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General News of Thursday, 3 November 2016


America not obliged to pay deportees – Antwi-Danso

The United States of America is not obliged to give money to illegal Ghanaian deportees, International Relations Analyst and Director at the Ghana Armed Forces Command College Dr Vladimir Antwi-Danso has said.

“As far as I know in such deportations, there are rules, regulations and what not. Nobody will give you a dime when you have been arrested on the street and you are bound to be deported. Nobody is going to go to the bank and give you any money. They are not obliged to you in anyway. If your government hears of it and is prepared to help you probably they may rush to your aid and give you something but if they do not hear about it or if it is done in such a way that you are being taken away on the next available plane, nobody gives you a dime. It is an unfortunate situation, people are arrested on the street and they are bound to their home countries that way so that is the situation. You do not expect the US government to spend a dime on anybody who is illegal who they do not have any obligation to” he said on 12 Live on Class 91.3FM on Thursday, November 3.

Dr Atwi-Danso’s remarks follow the deportation of some 54 Ghanaians from the United States of America who arrived at the Kotoka International Airport on Wednesday November 2.

Some complained that the US authorities did not give them any money for deporting them and as such were left stranded in Accra.

The deportees refused to disembark from the plane that transported them from that country to Ghana due to what they described as inhumane treatment meted out to them by US authorities.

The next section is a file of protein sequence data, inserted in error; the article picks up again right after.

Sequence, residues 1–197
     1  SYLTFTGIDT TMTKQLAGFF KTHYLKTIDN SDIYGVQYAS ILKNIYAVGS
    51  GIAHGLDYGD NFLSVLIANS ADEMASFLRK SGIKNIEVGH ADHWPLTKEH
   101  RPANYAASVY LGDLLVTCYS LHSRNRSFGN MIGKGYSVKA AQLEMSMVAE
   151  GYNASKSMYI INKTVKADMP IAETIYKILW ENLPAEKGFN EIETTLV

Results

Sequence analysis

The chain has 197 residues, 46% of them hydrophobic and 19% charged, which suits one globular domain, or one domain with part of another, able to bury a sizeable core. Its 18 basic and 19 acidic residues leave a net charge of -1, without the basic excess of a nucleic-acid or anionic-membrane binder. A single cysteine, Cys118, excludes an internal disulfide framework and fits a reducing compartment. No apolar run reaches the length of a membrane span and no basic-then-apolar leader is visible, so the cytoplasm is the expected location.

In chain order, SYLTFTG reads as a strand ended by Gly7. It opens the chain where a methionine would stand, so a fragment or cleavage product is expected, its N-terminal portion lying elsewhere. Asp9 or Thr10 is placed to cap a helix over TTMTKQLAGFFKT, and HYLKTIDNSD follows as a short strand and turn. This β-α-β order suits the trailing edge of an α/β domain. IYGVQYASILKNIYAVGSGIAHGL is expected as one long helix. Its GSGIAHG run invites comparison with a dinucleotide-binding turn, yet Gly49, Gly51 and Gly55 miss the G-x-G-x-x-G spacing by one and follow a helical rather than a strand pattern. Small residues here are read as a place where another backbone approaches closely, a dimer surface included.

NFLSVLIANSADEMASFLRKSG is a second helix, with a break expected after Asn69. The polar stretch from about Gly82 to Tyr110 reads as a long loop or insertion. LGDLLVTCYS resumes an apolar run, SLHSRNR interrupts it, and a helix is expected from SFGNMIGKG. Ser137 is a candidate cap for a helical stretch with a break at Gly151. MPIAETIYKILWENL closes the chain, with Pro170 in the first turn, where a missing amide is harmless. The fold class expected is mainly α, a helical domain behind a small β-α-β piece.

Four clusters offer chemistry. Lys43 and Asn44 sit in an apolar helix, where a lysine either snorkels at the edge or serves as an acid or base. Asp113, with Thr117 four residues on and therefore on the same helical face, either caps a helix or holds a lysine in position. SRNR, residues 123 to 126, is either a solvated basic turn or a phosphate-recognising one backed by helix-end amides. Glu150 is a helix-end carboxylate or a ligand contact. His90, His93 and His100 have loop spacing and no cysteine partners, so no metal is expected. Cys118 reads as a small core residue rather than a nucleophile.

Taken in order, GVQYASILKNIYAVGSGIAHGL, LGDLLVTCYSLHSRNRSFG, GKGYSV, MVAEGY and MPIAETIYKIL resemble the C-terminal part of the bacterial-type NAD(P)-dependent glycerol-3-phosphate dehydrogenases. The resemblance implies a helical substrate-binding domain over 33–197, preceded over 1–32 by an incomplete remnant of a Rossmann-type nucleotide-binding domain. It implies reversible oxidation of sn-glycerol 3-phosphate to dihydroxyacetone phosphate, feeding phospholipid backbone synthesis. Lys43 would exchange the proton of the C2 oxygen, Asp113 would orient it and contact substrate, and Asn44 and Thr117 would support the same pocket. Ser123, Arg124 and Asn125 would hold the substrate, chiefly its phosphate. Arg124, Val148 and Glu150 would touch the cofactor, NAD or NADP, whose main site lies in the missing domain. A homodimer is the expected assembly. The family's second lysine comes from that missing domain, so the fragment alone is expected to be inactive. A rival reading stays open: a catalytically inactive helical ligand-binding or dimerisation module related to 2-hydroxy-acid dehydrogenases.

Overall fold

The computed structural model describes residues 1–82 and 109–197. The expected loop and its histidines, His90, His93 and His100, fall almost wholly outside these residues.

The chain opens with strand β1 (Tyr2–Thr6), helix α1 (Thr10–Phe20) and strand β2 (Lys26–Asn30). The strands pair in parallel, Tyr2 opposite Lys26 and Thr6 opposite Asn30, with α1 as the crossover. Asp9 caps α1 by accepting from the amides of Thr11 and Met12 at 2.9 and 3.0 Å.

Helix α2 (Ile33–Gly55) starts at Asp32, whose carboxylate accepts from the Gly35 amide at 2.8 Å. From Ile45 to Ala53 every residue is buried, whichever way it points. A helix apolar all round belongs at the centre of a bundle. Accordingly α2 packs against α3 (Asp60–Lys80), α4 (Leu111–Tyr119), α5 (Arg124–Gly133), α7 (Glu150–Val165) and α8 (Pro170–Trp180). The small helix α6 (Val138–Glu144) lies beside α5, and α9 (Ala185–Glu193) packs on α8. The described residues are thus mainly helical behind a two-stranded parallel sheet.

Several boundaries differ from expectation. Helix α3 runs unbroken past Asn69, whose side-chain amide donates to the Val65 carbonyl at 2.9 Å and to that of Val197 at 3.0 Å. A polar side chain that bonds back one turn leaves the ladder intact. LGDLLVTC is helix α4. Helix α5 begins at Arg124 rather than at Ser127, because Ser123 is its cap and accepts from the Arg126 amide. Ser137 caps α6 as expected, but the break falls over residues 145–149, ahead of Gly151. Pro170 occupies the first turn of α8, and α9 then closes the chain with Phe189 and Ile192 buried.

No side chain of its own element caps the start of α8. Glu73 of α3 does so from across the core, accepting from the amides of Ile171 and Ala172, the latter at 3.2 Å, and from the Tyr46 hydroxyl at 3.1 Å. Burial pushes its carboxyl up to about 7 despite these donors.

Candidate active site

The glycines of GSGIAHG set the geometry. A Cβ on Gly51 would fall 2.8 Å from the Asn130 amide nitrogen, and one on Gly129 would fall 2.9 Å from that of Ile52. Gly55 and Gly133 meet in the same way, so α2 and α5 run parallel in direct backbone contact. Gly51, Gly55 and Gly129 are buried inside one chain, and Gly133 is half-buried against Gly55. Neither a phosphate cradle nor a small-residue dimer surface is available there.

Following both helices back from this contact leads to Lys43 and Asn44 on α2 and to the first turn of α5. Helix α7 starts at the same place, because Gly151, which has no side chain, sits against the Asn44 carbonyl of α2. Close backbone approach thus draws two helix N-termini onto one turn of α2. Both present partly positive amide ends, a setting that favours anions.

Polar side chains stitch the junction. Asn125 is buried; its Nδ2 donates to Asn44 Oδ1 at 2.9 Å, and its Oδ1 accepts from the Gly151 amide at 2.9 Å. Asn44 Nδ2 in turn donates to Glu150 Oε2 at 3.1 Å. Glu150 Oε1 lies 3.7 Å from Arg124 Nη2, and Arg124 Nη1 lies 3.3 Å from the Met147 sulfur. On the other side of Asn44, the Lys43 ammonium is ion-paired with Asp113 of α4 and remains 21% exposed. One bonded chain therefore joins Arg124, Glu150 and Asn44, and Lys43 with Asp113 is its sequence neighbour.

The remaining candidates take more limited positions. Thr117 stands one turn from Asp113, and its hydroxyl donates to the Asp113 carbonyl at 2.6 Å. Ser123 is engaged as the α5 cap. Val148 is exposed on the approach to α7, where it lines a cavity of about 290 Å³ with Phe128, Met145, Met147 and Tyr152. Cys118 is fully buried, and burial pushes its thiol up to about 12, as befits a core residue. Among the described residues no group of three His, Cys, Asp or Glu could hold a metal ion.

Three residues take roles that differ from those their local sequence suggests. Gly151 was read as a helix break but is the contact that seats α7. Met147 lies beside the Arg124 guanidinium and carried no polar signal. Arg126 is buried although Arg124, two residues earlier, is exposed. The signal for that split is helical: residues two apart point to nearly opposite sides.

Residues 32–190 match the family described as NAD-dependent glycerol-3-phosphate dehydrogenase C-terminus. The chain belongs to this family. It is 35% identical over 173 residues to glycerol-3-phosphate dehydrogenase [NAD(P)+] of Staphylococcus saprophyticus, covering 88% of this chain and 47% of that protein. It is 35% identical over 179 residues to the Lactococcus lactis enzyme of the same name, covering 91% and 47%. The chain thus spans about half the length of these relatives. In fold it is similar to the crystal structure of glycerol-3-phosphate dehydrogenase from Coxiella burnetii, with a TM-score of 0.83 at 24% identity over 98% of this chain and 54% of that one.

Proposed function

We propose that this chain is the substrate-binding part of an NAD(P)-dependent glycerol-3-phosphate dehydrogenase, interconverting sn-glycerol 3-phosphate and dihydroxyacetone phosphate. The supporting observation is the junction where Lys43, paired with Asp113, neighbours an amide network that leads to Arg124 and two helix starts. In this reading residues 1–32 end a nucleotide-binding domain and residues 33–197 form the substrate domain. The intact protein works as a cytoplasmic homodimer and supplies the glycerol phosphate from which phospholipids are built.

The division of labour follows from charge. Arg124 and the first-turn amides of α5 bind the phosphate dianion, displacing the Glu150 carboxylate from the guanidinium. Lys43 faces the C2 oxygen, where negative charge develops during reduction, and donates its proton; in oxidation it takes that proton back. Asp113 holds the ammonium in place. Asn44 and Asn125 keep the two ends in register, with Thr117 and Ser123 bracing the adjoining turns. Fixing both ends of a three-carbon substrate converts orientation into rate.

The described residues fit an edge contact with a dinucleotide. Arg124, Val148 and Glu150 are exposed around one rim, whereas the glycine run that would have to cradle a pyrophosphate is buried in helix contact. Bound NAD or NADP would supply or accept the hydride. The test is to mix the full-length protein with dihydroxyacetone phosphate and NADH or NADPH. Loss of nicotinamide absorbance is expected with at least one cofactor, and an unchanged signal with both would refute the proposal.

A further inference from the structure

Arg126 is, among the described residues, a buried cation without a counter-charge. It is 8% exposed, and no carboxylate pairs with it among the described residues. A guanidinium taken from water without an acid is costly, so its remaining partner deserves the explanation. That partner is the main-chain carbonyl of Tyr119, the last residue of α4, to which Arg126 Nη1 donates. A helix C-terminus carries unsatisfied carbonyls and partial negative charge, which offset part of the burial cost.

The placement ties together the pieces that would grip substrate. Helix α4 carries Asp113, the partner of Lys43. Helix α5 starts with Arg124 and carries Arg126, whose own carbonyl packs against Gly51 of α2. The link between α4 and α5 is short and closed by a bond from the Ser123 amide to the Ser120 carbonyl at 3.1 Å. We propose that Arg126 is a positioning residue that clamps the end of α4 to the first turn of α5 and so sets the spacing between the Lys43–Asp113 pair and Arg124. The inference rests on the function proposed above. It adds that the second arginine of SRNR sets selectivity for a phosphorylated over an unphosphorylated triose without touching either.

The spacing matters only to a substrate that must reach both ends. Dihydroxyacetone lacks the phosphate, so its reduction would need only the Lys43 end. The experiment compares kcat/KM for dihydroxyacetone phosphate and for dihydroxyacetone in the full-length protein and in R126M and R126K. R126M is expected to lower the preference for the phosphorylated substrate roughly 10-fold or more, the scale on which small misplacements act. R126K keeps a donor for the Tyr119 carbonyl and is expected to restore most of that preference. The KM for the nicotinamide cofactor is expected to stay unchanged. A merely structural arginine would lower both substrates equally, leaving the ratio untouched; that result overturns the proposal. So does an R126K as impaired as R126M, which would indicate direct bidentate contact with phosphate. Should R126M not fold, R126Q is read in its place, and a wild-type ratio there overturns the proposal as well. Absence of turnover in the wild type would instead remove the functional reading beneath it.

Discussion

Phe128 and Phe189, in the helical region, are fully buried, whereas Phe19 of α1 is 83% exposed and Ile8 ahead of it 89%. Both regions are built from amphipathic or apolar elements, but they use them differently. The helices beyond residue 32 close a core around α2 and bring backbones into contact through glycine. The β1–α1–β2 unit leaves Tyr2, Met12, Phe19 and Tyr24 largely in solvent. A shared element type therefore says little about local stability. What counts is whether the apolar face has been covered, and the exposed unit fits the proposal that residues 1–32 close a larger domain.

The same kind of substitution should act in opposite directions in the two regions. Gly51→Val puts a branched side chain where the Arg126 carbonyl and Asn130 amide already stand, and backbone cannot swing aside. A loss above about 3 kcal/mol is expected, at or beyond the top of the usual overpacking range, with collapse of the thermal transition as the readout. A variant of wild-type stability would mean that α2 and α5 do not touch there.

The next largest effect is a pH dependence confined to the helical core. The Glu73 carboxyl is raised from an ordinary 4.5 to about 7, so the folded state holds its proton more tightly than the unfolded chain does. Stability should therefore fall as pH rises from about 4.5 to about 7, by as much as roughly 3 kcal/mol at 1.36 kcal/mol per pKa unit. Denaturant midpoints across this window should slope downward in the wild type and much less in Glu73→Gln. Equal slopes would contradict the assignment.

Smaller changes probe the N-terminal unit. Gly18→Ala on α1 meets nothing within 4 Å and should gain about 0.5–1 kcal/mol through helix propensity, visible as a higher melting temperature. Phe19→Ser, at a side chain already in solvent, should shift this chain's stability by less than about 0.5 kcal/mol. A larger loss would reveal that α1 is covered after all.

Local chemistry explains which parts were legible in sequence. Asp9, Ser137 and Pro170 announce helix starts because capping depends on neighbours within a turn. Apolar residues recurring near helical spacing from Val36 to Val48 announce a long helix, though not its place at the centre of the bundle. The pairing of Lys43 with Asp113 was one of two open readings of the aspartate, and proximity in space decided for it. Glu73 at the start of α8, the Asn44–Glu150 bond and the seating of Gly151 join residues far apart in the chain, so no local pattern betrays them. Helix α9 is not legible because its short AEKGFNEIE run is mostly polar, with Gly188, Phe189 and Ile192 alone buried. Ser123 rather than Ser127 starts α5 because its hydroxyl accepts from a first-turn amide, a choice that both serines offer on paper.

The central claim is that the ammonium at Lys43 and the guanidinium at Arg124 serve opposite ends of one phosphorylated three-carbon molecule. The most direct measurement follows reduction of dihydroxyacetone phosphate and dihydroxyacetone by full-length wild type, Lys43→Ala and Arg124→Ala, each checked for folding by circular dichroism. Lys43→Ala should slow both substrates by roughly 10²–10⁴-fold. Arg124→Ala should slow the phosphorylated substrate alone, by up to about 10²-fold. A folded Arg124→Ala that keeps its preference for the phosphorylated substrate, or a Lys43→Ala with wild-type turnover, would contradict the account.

They claimed the US officials were being hypocritical in their deportation as they were not treated with dignity while on board the plane en route to Accra.

Some of them, who spoke to Class 91.3FM’s Atiewin Mbillah in an interview on Wednesday November 2, said although their deportation had nothing to do with criminal issues but immigration challenges, they were handcuffed and treated as criminals by the US authorities in the US state of Louisiana and even while on board the plane.

According to them, when they reached the Kotoka International Airport, the authorities attempted to take off the handcuffs to create the impression that they were treated with respect, an act they thought was hypocritical.

One of the deportees said: “They (US authorities) handcuffed us, they handcuffed us before we boarded the plane. That is why we say we are not getting down unless they allow us to get down with the handcuffs for everybody to see how they have been treating us. That is why we said no, we are not getting down… They called some immigration officers (at the airport) to come and talk to us but we said no we want to come down with the handcuffs on and so they said we should come down. They handcuffed us in the United States. My waist, hands and my legs were all cuffed. Both legs [were cuffed], so you cannot even walk, you cannot eat, you cannot do anything.”

Another deportee narrated: “We have been handcuffed from Monday to today, a lot of people here (Kotoka Airport) today saw it. If you think I am lying you can ask the people around. If you want to urinate you struggle in the handcuff before passing urine.”

Another disgruntled deportee indicated: “We all left Ghana to America to go and better our future, so we passed through Brazil to Colombia and some of us even died on the way… Now the people handcuffed us, they only gave us bread and water from morning till evening, so when we came here (Kotoka) a lot of the people were fighting them that: ‘You cannot deport us empty-handed; we need money to go home [with].’”

Dr Antwi-Danso described the situation as unfortunate but called for thorough investigation into the matter before judgment is passed on the American authorities.